The Joint Legislative Transportation Vision Task Force met in Newton Oct. 4, hearing testimony on local transportation issues ranging from singular highway projects to passenger and freight rail.

 

During that meeting, time was spent on the local network — city and county roads and bridges. What Ron Seitz, director of engineering and design for the Kansas Department of Transportation, made clear to the committee is the state will need to look at local roads and needs as they create a new transportation plan.

 

“It is important to understand that our local system was not designed for the traffic and the situation we are in today,” Seitz said. “It was designed when our state looked a lot different. Most of our state developed in the early 1900s.”

 

Demographically, population has shifted from rural areas to urban areas. The population of many counties peaked in the early 1900s.

 

“There are fewer people in rural counties to support the local network,” Seitz said.

 

Of the state's 105 counties, 69 have a population of less than 10 people per road mile to support the system.That impacts tax revenues and the ability to raise funds to maintain local roads.

 

The local system features 132,000 miles of roads — 115,000 miles of road maintained by counties and townships and another 17,000 miles of city streets. There are also what are called city connecting links — state highways that run through a town. Those links represent 256 miles of road maintained by cities and 579 miles maintained by the state.

 

“The local system is a really large system,” Seitz said. “... These roads are essential to our system to our economy. These are the routes that are used for getting crops to the markets, accessing farms and things like that. They are critical to our ag economy.”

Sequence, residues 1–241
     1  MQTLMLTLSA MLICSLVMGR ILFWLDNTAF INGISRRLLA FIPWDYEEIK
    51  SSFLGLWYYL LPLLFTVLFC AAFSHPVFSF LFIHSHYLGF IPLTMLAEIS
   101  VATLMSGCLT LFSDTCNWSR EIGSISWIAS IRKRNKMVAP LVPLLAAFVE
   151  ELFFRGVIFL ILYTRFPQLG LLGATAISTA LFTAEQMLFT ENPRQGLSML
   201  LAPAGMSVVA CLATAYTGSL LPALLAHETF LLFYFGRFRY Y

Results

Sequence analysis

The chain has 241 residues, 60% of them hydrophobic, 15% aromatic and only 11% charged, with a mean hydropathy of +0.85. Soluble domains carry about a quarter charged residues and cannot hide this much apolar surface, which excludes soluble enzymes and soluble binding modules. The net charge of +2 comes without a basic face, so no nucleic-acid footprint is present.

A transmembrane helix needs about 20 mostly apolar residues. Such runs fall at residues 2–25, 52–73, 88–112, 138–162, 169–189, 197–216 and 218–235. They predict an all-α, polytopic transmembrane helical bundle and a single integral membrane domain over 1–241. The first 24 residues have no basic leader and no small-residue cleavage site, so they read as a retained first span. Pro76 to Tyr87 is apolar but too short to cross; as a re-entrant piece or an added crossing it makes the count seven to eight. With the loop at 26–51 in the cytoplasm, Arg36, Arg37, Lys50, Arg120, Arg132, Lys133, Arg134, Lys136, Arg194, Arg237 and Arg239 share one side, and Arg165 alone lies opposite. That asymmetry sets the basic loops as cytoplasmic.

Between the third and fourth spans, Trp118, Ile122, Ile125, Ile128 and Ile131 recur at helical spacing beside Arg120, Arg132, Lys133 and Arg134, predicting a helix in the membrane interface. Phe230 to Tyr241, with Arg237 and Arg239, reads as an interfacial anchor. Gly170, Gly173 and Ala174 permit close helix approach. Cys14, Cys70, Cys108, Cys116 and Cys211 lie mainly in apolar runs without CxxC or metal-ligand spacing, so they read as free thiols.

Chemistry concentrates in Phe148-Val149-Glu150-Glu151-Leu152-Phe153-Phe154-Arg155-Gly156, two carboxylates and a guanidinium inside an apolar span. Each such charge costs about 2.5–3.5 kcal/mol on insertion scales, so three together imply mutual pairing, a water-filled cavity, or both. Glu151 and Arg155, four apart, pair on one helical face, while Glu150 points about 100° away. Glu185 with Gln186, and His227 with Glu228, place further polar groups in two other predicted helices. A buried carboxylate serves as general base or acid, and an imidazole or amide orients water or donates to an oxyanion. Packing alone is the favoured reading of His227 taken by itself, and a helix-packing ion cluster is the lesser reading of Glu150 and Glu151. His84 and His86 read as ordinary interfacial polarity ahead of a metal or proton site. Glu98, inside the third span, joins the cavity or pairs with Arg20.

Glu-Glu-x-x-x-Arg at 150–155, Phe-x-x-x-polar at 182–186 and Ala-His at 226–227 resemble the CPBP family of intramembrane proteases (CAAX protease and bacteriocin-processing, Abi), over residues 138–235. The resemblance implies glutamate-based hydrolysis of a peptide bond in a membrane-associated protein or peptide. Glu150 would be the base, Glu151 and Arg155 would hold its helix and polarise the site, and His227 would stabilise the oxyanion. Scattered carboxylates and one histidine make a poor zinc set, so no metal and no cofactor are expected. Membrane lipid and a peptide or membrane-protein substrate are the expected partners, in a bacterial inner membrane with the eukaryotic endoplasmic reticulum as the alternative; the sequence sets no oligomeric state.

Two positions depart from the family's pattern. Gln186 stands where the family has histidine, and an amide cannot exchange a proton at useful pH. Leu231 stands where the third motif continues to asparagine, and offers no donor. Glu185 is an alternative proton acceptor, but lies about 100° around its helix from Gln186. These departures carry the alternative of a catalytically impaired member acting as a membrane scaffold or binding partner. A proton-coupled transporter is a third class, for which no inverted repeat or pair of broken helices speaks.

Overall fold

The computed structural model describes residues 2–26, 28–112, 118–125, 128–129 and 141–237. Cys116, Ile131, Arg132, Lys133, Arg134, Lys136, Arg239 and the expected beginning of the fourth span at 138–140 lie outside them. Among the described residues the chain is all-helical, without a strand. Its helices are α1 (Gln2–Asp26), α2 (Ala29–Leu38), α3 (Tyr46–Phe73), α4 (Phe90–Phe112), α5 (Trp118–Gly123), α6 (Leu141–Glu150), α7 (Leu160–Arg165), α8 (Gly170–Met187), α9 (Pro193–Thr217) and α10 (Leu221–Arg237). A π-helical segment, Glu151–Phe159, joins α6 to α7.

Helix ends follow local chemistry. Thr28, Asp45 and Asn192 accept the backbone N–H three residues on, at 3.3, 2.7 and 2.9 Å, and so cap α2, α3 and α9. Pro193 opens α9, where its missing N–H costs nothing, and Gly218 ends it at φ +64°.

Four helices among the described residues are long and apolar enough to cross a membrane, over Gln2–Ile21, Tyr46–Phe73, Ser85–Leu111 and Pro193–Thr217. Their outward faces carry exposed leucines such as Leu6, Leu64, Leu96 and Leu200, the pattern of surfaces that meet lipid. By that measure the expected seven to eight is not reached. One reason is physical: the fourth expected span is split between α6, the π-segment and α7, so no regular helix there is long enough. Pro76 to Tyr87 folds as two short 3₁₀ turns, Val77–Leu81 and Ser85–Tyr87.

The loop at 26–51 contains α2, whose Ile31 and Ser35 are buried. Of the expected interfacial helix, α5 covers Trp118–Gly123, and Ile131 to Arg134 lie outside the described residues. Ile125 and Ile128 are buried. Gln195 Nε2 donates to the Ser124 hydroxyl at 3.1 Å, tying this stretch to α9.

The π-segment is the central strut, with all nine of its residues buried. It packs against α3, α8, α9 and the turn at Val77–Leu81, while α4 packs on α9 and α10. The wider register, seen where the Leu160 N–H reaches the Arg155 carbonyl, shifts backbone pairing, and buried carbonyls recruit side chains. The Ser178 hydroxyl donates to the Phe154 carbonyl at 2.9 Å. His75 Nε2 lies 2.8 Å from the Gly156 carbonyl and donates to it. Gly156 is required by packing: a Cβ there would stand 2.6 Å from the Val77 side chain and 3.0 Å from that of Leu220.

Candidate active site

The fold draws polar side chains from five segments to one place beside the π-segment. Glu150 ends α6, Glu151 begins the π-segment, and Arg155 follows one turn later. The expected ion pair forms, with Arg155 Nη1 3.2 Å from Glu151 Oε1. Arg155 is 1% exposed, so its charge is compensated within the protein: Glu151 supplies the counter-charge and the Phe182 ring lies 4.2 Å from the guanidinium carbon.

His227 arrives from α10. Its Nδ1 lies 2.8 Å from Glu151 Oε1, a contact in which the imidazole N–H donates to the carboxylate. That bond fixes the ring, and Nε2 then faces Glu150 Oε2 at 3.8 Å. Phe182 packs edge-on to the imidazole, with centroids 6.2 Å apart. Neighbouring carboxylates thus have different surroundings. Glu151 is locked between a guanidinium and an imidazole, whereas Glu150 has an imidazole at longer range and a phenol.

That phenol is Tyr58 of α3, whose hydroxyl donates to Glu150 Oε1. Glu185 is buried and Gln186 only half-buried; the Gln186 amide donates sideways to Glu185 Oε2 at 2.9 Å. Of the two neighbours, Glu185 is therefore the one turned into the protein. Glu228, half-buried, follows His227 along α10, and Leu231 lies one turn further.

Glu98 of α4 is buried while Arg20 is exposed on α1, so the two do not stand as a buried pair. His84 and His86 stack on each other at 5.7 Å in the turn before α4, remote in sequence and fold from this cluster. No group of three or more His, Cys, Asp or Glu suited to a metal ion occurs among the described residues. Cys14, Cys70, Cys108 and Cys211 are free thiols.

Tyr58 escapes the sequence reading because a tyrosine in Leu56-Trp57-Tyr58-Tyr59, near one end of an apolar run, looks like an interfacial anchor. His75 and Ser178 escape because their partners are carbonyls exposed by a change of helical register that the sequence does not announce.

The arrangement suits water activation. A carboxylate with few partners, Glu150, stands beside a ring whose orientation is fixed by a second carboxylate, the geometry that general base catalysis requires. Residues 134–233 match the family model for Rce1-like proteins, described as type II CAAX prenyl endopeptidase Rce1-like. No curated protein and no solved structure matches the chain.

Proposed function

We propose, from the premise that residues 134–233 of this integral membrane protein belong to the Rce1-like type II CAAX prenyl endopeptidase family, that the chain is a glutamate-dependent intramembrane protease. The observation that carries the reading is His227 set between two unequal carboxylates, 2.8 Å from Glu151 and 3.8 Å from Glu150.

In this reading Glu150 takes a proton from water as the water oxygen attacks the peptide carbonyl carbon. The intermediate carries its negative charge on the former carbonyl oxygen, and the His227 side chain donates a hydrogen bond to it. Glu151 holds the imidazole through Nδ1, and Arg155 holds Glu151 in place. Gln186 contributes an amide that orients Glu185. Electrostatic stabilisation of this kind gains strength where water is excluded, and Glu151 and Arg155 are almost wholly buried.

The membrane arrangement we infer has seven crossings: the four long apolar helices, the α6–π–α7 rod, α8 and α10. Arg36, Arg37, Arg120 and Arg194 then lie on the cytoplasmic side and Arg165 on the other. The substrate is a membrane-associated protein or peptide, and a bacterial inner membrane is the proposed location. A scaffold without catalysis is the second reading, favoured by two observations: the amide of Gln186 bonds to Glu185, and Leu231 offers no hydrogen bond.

Seitz said those roads provide access for emergency services and are important for everyone.

 

“Nearly all trips that you take either begin or end on a local road,” Seitz said.

 

Some of those roads are in trouble — according to Norm Bowers, an engineer for the Kansas Association of Counties that testified Oct. 4. Bowers said that according to the American Association Civil of Engineers, 62 percent of local roads are in poor or mediocre condition. The Transportation Research Group rated Kansas the fifth poorest nationally.

 

“We do not have a highly ranked county road system out there,” Bowers said.

 

According to Seitz, the local system houses 79 percent of the bridges in Kansas — 19,712 in all. It is here that there is a significant challenge.

 

According to Seitz, about half of all local bridges are more than 50 years old. About 2,955 bridges are rated as deficient, with only about 15 replaced each year using federal aid. Local agencies are replacing and closing bridges with their own funds, according to Bowers about 115 bridges per year.

 

“What that means is bridges cannot handle the legal loads allowed on the roads today or they are too narrow for two lanes of traffic,” Seitz said. “And we know the current funding sources are not keeping pace with the needs out there. … We are kind of treading water when it comes to bridges.”

 

“Counties need help repairing bridges,” Bowers added. “... One fourth of the local bridges are more than 75 years old. Due to the cost of construction, we are not replacing those bridges very fast … that means that those bridges have to last 125 years. In 50 years, if we do not change something, half of those bridges will be closed. That is just the math.”

 

The solution is what the task force is charged with finding. The task force will be meeting again in Wichita, Hays and Manhattan.